Study could provide first clues about the social lives of extinct human relatives
A new study from The Australian National University (ANU) of the bony head-crests of male gorillas could provide some of the first clues about the social structures of our extinct human relatives, including how they chose their sexual partners.
The study looks at the sagittal crest, a bone ridge on the top of the skull, in four species of apes.
Lead researcher of the study Dr Katharine Balolia of the ANU School of Archaeology and Anthropology said that while the crests were long thought to develop in apes to provide extra space for the muscles used for chewing, this study indicates they could also be a form of social signalling that results from sexual selection.
"We found that for male gorillas and orangutans, it is not just chewing that drives crest formation. There is also a social element to it. For example, females prefer male gorillas with larger sagittal crests," Dr Balolia said.
Dr Balolia said the findings may provide clues to the social structures of some extinct human relatives.
"Some species of extinct human relatives have a sagittal crest," she said.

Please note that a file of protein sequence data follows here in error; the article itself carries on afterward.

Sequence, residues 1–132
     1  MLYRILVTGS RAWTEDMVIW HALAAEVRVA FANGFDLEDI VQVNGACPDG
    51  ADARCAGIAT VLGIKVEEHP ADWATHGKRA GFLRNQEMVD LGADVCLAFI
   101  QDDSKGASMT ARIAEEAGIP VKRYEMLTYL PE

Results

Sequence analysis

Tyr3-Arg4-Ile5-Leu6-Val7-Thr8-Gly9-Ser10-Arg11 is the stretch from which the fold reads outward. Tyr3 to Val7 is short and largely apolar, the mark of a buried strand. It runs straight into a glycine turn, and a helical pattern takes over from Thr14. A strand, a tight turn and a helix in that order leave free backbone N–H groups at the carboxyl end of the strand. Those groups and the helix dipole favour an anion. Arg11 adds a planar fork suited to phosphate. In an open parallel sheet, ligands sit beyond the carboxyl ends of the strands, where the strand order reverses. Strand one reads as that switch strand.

"And if sagittal crest size and social behaviour are linked in this way, then we could potentially establish that some of our extinct human relatives had a gorilla-like social system.
"This would be a first, because otherwise the human fossil record provides precious little about how our extinct relatives chose their mates."
The study used 3D scans of skull specimens and found two lines of evidence to support the finding.
"In terms of gorilla social structures, the males establish dominance shortly after their wisdom teeth emerge. We found the sagittal crest appears right after their wisdom teeth emerge, so that fits in with the timing of social dominance," she said.
"In contrast, in orangutans some males only become dominant quite late in their adult life, and the sagittal crest appears later," she said.
In addition, statistical modelling suggests that, when present, crests in gorillas and orangutans are larger than what would be expected if they were simply there to provide more space for the larger chewing muscles needed by the big males.
The paper has been published in the Journal of Anatomy.
Dr Katharine Balolia
ANU School of Archaeology and Anthropology
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